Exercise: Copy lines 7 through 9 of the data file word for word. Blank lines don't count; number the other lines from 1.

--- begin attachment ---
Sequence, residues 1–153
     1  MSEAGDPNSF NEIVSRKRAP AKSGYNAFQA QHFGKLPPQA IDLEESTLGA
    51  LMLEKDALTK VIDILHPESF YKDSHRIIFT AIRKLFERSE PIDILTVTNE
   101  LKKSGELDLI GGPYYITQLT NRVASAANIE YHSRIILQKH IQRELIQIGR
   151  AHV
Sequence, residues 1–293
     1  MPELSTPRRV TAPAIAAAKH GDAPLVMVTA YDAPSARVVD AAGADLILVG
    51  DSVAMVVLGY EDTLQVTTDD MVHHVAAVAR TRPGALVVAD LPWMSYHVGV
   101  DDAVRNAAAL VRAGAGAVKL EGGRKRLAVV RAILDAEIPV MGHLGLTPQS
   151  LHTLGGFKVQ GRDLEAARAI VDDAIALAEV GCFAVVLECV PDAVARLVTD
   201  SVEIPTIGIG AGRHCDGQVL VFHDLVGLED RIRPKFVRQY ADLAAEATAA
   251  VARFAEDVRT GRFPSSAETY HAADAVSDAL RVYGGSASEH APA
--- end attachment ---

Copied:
     1  MPELSTPRRV TAPAIAAAKH GDAPLVMVTA YDAPSARVVD AAGADLILVG
    51  DSVAMVVLGY EDTLQVTTDD MVHHVAAVAR TRPGALVVAD LPWMSYHVGV
   101  DDAVRNAAAL VRAGAGAVKL EGGRKRLAVV RAILDAEIPV MGHLGLTPQS